I realized about halfway through April that I had never posted an ultra training update for March. Well, here it is almost halfway through May, and I’m just now posting an update. Better late than never, right? Right? Just in general, I haven’t been writing here nearly as much as I’d like. I certainly have things that I’d like to write about, especially in terms of how my training has been going for Mayor’s Marathon in June and my 50 miler in July, but life has just been getting in the way lately. Between all the running I’ve been doing lately, and the addition of summer activities with the kids like swimming and t-ball, there just aren’t many hours left in the day for writing. As much as I enjoy writing here, in the big scheme of things, it’s relatively low on my list of priorities these days.
Anyways, my training these past 2 months has gone really well. March saw a slight drop in mileage, which was at least partially due to my trip to Vegas for work. I did manage to get in several good runs while I was there, but my overall mileage that week was relatively low. That being said, I still managed to squeeze in 131 miles for the month, not too shabby.
April was a fantastic month of running for me. I had some really consistent training, and got in several great long runs, including a few 18-20 milers. I surprised myself by ending the month with 169 miles, my highest monthly total yet, blowing out of the water my previous high of 142 miles.
With my first ultra quickly approaching at the end of July, I’ve been doing my best to incorporate as much ultra-specific training into my routine as I can. Running 50 miles on the trails is going to be much different than running 26.2 on the roads, and I want to be well prepared. The roads and paved trails in town are almost entirely clear of snow and ice at this point, but the trails are unfortunately going to be a few more weeks, so I’m doing what I can with what I’ve got.
One specific thing I’ve done is add in back-to-back long runs, which many ultrarunners swear by, doing 10-15 miles the day after running 18-20 miles. In theory, this gets you used to running on tired legs, and spreading out 35-40 miles of running over 2 days isn’t as taxing on your body, so that you can still get in your other runs during the week. I’ve also been trying to get in as much hill work as I can, but until I can get out on the trails more, that’s going to be somewhat limited. For the most part, Anchorage itself is actually pretty flat.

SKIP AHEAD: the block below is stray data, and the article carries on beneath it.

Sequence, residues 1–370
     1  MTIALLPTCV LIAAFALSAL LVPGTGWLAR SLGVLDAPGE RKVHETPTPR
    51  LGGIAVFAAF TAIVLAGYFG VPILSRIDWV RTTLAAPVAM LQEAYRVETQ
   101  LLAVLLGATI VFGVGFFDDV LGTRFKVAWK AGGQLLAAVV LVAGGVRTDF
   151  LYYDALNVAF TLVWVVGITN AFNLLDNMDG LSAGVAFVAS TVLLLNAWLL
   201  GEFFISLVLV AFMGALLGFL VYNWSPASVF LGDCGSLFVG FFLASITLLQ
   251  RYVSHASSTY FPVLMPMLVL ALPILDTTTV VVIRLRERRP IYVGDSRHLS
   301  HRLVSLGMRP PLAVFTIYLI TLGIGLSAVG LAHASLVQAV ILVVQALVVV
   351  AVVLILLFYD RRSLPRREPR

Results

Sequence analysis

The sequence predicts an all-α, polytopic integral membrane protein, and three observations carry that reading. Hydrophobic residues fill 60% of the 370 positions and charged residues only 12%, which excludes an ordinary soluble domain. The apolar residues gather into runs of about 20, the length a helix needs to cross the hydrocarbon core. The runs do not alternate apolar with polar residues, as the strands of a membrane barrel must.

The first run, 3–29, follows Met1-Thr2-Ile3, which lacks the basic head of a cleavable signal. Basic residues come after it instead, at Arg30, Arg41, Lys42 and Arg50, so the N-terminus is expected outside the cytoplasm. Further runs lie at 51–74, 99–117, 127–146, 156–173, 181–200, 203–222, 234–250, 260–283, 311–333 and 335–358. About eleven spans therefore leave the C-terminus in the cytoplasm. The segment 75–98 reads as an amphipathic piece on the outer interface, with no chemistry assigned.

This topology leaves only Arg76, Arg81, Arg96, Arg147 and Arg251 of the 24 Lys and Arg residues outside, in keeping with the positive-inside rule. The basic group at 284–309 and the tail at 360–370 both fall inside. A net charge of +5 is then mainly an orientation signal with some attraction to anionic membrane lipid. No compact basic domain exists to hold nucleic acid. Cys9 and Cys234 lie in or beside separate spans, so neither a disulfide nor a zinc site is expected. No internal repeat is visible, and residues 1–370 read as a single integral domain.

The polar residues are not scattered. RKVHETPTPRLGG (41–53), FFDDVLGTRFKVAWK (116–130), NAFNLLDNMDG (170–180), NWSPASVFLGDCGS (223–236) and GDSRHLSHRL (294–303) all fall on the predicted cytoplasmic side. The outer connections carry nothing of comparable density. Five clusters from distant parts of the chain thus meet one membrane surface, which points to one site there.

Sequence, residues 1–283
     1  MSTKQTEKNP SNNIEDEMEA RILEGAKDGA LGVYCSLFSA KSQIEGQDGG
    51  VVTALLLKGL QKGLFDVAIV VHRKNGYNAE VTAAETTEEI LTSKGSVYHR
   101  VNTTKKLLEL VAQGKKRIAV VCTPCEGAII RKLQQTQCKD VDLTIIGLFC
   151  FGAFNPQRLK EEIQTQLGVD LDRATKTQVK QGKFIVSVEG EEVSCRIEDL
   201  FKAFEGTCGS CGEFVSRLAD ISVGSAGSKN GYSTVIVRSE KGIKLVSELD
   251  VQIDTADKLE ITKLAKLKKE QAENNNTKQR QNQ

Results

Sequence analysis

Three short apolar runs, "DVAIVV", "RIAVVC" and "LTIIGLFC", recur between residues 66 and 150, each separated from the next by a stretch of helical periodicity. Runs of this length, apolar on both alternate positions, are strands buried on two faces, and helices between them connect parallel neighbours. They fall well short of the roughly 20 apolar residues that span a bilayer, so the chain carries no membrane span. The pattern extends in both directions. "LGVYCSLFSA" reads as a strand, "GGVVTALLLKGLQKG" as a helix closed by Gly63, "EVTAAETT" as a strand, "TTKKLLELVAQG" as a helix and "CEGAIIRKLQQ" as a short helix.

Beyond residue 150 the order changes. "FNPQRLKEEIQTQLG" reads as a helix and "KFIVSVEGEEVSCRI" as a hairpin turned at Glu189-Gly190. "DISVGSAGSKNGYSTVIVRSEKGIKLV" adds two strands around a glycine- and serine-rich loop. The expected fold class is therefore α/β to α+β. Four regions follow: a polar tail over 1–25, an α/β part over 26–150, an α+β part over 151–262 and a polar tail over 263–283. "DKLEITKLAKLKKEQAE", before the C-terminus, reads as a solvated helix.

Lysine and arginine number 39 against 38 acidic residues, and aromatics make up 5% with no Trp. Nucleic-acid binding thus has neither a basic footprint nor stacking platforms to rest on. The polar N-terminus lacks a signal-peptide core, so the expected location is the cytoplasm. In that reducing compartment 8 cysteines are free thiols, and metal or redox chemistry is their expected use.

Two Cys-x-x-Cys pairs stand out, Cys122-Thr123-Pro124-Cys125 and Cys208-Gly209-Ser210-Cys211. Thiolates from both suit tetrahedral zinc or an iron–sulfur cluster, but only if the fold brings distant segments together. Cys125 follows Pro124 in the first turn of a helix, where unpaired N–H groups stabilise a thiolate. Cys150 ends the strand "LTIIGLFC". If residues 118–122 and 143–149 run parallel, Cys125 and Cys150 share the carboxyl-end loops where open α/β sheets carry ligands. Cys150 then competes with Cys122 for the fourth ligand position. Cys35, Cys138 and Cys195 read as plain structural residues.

A Mental Game
Probably one of the hardest parts of training for an ultra has been the mental aspect of it all. The longest I have run to date is 26.2 miles – in 2 1/2 months, I’ll be running almost twice that, all at once. It can be hard to wrap my mind around that. Coming home from some of my recent long runs of 20 and 22 miles, knowing how tired I am at that point, and realizing that I wouldn’t even be halfway done yet. During one particularly difficult 18 miler about a month ago, I was feeling pretty down, and was ready to call it quits and throw in the towel on this crazy ultra business. Luckily, I was able to recognize that these were just feelings “in the moment” during a low spot, and not necessarily how I “really” felt. I gave myself a few days to cool off and reflect more on it, and once I was out of that bad moment, my attitude towards ultra training turned right back around.
While my running has gone great these past 2 months, my weight has basically gone nowhere. After dropping 10 pounds in the first 2 months of the year, the last 2 months have basically been a wash. It’s interesting (and frustrating) to me that even with running all of these miles, my weight hasn’t budged. Yes, I had a few indescretions (especially around Easter), but all in all my eating has been really good lately. The thing I have found is that after running 40+ miles in a week, I eat a lot. Most of the time I’ve managed to keep good food coming in with a bare minimum of snacks, sugar, etc. But regardless of how good the food is for me, I’m still eating a lot of it.
It’s actually deceptively difficult to lose weight while in the middle of a heavy training cycle like this. After a long run, your body needs those extra calories to refuel and repair itself. If I limit my intake too much, I’ll be increasing my risk of injury. Not to use that as an excuse for not having lost any additional weight, but something to be aware of. Food is fuel. When I work my body this hard, it needs fuel, and lots of it. The most important thing I need to focus on for now (at least in terms of eating) is putting quality fuel in my tank, so that I can continue to get out there and train hard.
Are We There Yet?
Whew, I think this blog post is finally done! I’m really going to try hard to write more often so that the next post doesn’t feel like such a brain dump. If you made it this far, thanks for reading 🙂